Hank Lee

              Experience is what you get when you don't get what you wanted!

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              • #8
                Thanks everyone. I was inclined to fix it myself and we have three of the same handing for the master suite. Since this will be on the back side of the door, I think it will end up in the closet where the door will be open nearly all of the time and it will be hidden.
                Chr's
                __________
                An ethical man knows the right thing to do.
                A moral man does it.

                Comment


                • #9
                  I've had very good luck with using my wife's clothes iron to heat up the veneer to re-flow the hot-melt glue under it.

                  I use a layer of brown grocery sack paper to protect the veneer and substrate. keep the the iron moving.

                  Pretty much zero risk, in my experience, and it worked.

                  (Oops! Just noticed the d-meister posted the same advice. Great minds think alike!)
                  Last edited by eccentrictinkerer; 06-23-2017, 11:15 PM.
                  You might think I haven't contributed much to the world, but a large number
                  of the warning labels on tools can be traced back to things I've done...

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                  • #10
                    Heating with an iron is a great idea that I hadn't thought about.
                    Bill

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                    • #11
                      Do be careful with the iron. I have used an iron to repair lifted veneer, and even though I've done it successfully, sometimes it makes things worse. If it's too hot or left in a spot too long on real wood veneers, the iron will shrink the veneer and it will crack. Even though wood is supposed to expand with moisture, I've had very little success reversing the shrinkage.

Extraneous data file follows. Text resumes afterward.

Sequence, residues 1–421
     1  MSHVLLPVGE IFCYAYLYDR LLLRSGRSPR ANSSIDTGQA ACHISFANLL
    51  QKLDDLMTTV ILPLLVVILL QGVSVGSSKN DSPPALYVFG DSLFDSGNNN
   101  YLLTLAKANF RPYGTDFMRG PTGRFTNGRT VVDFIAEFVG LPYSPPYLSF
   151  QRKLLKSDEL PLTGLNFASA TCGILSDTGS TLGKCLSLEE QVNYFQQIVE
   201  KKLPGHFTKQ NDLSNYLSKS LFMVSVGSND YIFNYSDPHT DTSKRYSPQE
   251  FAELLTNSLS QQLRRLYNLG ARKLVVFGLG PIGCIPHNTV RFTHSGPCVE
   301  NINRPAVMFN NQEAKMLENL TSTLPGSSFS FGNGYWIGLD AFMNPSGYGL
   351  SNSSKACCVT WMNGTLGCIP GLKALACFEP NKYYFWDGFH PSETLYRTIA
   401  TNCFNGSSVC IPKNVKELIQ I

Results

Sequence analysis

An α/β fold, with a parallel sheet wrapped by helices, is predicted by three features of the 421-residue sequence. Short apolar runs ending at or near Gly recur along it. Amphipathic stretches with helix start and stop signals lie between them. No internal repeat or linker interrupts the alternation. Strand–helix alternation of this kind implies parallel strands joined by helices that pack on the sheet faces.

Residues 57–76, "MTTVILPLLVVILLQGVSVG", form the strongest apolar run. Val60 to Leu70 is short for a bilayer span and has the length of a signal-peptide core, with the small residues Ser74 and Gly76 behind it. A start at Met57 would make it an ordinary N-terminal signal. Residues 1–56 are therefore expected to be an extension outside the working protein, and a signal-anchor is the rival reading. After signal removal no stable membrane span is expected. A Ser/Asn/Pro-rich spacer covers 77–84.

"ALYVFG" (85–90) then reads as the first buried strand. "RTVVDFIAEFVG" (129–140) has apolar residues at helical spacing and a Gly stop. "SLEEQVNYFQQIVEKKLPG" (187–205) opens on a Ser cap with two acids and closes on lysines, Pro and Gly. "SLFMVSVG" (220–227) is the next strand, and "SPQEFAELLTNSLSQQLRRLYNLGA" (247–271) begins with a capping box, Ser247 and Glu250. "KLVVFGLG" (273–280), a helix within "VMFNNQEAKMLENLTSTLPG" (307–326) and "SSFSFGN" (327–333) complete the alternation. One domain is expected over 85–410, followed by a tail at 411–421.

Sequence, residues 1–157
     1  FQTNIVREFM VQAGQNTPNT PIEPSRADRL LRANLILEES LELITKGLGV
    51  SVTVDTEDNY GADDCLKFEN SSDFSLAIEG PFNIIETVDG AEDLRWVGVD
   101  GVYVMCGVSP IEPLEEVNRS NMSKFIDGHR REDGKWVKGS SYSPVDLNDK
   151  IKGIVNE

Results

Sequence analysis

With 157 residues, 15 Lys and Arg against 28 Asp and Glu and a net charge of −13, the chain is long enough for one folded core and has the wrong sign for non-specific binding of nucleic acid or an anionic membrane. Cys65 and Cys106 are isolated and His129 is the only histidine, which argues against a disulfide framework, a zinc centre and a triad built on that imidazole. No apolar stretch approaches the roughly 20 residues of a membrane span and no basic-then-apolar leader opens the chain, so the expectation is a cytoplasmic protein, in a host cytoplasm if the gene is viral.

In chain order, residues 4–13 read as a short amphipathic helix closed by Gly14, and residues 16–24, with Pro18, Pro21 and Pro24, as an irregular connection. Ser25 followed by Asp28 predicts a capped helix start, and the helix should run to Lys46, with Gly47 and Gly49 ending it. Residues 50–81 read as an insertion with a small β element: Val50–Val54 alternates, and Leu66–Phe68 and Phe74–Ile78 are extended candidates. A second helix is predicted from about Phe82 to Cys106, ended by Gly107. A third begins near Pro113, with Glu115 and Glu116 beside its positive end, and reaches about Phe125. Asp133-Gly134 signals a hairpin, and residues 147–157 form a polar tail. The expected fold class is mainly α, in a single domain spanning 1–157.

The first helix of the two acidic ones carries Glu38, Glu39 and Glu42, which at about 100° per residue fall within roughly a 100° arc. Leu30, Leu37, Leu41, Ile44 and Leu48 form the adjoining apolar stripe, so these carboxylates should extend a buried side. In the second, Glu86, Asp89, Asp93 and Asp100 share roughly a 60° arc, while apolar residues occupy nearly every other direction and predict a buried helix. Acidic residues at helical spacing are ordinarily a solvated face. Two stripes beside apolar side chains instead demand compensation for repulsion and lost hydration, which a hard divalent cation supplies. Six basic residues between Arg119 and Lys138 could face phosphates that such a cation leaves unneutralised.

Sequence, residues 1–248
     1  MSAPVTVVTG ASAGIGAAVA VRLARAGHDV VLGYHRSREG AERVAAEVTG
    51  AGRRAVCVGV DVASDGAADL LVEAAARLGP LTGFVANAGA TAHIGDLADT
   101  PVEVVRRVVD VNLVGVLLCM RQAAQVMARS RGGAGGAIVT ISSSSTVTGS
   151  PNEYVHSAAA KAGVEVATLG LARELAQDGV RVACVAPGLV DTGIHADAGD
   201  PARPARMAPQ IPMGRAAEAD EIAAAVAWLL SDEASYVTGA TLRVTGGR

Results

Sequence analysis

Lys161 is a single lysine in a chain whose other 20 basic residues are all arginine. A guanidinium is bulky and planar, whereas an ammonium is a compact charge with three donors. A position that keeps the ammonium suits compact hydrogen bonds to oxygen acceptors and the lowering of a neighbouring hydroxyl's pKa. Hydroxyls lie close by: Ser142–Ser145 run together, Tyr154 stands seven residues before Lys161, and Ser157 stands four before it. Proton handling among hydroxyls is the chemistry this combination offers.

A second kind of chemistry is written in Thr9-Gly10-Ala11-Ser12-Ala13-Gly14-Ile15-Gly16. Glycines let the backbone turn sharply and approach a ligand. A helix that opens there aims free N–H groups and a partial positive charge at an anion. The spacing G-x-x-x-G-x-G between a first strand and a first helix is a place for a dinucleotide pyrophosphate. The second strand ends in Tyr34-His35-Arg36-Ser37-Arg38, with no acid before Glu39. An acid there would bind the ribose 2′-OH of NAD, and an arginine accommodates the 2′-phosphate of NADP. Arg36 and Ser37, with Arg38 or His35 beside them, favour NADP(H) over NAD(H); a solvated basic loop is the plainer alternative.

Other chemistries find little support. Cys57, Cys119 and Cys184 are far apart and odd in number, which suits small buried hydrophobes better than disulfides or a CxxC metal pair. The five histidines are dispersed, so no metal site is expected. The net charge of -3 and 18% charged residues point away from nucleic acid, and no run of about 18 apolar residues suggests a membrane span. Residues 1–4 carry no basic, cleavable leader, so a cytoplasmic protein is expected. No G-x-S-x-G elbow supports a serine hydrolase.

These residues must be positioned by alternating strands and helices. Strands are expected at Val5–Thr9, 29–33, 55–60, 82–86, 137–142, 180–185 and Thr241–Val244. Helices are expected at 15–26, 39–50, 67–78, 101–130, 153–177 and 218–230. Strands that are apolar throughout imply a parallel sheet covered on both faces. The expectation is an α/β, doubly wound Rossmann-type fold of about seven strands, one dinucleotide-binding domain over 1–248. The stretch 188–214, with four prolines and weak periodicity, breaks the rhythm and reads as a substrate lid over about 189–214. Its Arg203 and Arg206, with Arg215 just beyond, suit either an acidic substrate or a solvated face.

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                      • #12
                        I guess I'd go with the opinions here on doing the repair youself. BUT, I certainly wouldn't be happy with it and view such things as "buying damaged goods"... for that I'd expect some kind of discount. (I consider having to have something repaired or serviced soon after sale, is the same as buying "factory reconditioned"... I won't pay full price.)

                        The other concern would be that if I repaired it, without the retailer first knowing that I was going to attempt that, what happens if your repair goes wrong... it loosens the rest of the veneer or shrinks it? They certainly won't take it back then, claiming you damaged it.

                        Lastly, the state of construction these days really bothers the Dickens out of me. It poses a lot of questions in my head, like, A cross piece on your door has to be veneered? (Yeah, I know... that's how everything is these days! Has labor gotten so cheap or wood so expensive that veneering is more cost effective than using solid stock? What's underneath, chip board?

                        A couple of years ago I saw a damaged pine door at my local Lowes, and it was all veneer with chip board as a base. Veneered pine! My thought at the time was that I'd better learn how to make my own doors. I have had the need to buy any doors since then, but the thought is still there.

                        CWS
                        Think it Through Before You Do!